'A Prolific Nation'
Updated: May 1
An imagined farming village called Cucu Deal somewhere in southern Transylvania was once dominated by German-speaking Lutherans. Since they all left in the late 1980s, the place has become less orderly and poorer. But it is more relaxed and full of surprises, particularly when it comes to buying farmland.
The Lutheran Saxons were a disciplined lot, above all when it came to boys and girls. The sexes were kept apart until marriage and once bound together they were not allowed to separate. Bickering couples were thrown into a dungeon under the church walls to sort it out and only released when they had. Divorce there was not.
Nowadays, with a much weakened and in some villages, entirely absent Lutheran influence, things are very different. The Romanian Orthodox Church allows members of its congregation a generous three divorces each provided the unhappy couple consent. There are mostly Mr and Mrs Beaver-types in the village, lifelong partners that have only ever worked and slept with each other. But there are a handful who seem to practice a barely annual monogamy, changing their sexual partner perhaps as much as every third winter.
This kind of behaviour was quite unheard of among the segregated, self-controlling Saxons in whose abandoned houses we all now live. It is the result, one must assume, of a welling frustration caused by the combination of having to sleep in very close proximity to other family members and the frequent, long absences of husbands. With their men away working abroad for months at a time, some women are tempted to wander.
The consequences are felt most acutely in the complications that arise over the distribution and sale of property. Between the wars, King Ferdinand of Greater Romania, which celebrated its centenary in 2018, redistributed, peacefully, vast amounts of agricultural land to the Romanian peasantry, who lacked the means and the desire to exploit it other than for their own subsistence.
Romanians are a ‘prolific nation’ as the recently deceased gentleman historian Neagu Djuvara puts it, and this, combined with the rejection of the principle of primogeniture in inheritance in favour of equality between all siblings of either sex, meant that what started out as small properties became rapidly smaller as land lots were divided up among numerous offspring.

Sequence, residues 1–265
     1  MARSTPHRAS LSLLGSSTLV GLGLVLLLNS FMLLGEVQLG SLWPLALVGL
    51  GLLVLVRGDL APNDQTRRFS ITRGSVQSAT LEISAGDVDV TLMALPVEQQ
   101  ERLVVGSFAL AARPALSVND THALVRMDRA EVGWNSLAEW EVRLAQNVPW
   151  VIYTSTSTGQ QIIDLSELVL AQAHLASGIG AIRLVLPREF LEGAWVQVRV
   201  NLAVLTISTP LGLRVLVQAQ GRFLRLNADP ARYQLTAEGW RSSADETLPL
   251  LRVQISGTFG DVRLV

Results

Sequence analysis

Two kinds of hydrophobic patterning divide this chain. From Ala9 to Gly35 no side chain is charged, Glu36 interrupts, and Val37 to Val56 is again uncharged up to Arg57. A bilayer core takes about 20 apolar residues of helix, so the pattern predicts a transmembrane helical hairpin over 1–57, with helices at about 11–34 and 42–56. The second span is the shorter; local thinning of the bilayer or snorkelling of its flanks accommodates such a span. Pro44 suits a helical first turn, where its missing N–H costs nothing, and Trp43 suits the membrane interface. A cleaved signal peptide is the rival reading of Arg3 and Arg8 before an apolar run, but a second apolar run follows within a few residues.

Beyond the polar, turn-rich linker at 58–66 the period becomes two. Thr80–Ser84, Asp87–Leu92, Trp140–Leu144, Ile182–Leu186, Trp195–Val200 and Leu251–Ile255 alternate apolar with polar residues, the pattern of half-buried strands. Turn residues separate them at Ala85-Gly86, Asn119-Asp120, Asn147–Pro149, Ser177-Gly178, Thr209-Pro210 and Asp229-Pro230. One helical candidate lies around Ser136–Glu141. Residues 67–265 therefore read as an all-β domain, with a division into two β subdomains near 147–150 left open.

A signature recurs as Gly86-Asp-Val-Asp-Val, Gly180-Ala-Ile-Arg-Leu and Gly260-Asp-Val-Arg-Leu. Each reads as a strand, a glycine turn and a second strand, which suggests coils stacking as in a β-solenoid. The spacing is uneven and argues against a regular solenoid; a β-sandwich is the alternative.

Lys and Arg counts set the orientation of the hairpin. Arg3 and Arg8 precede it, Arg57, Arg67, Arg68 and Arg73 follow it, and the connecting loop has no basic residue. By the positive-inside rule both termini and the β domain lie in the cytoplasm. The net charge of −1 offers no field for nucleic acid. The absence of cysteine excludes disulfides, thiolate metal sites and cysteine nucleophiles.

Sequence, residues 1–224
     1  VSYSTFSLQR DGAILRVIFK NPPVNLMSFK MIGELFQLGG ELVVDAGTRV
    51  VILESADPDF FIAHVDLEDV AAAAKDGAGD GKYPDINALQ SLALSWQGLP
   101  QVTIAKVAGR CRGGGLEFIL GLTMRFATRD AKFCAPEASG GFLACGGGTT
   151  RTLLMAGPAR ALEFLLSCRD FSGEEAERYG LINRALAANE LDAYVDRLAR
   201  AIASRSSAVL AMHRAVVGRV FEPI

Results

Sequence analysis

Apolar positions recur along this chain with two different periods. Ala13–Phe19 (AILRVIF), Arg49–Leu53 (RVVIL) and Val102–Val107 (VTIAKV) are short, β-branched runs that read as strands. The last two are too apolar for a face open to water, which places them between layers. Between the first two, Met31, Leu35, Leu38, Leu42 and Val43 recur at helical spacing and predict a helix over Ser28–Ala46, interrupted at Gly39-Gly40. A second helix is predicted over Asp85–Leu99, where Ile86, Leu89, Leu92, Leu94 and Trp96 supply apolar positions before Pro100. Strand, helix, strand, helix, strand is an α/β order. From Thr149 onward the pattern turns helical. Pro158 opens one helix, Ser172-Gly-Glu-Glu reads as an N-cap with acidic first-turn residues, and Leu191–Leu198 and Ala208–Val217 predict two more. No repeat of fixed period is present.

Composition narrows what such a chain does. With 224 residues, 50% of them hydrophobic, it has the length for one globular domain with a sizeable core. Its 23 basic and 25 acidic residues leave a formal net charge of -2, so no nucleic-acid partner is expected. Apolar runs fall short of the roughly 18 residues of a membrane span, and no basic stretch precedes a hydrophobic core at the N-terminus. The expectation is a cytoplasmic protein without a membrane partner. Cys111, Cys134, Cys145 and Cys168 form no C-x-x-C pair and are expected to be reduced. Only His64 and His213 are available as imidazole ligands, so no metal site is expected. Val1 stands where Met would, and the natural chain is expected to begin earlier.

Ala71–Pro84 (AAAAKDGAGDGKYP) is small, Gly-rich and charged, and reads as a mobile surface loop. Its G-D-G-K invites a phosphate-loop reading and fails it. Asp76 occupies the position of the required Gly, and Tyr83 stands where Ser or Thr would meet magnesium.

The economic impact of this fragmentation of land ownership was, of course, stagnation. Before the First World War, Romania was a big exporter of grain. After the agrarian reforms of 1918–1922, which broke up large estates and gave the land to hundreds of thousands of poor peasants, output plummeted.
The sale of agricultural land, both for the owners and for the would-be buyers, is a torturous affair. Deeds of ownership are rarely formalised before a public notary. Instead, they remain as hand scribbled notes passed down the generations. These hand contracts are recognised by the local townhall, which collects taxes on them. But villagers are reluctant to formalise their title deeds because it is such a laborious matter and can cost more than the land itself is worth. If eventually the property is sold before a notary, it is usually because the buyer has offered to pay all the back taxes and penalties accumulated by the sellers over many years. In exchange for settlement of the debts on the property, a notary provides the owners with clear deeds, which they can then sell.
An acquaintance had decided to buy some land from a certain Victor and his six siblings. He described what followed in glorious, gruesome detail.
"I managed to find Victor sober one morning in his two roomed brick house. His love of the hard stuff may be forgiven: He shares his little home with his wife, his son and his son’s wife and their new born baby girl, and his daughter, her husband and their new born baby boy. Both young fathers are away most of the year in Germany.
I suggested that we might be interested in a small plot of land, barely more than two hectares. He said he must talk to his sister who lives in a nearby town. He talked to her and it seemed promising as she had all the ‘paperwork’. So Victor and I drove into town to meet his sister, Tanti Brandusa.
Looking at the two siblings standing before each other, I was reminded of the fight between Carnival and Lent. Victor is an emaciated fellow with tired, glazed eyes and a long grey face ingrained with dirt. He gave up regular meals long ago in favour of tobacco and drink. His sister Brandusa is large and heavy, her face the picture of a damson plum, plump and ovoid in shape, slightly pointed at the chin end, with purplish skin spattered in glaucous grey blotches.
Brandusa had moved to town as a young woman, been married to a teacher, was widowed early and generally preferred not to be reminded of her peasant upbringing and poor relations. But like her brother, she had a peasant’s love of brandy and the sweet, fatty Transylvanian pork. She was suffering from advanced diabetes. Brandusa showed us the paperwork, three sides of yellowing paper on which was handwritten, in various hands and at various times, a long essay about the small plot of land, describing all the exchanges and agreements between the owners over half a century or more. At the bottom were seven signatures, all of which were identical squiggles apart from one which was legible and well formed and clearly belonged to Brandusa.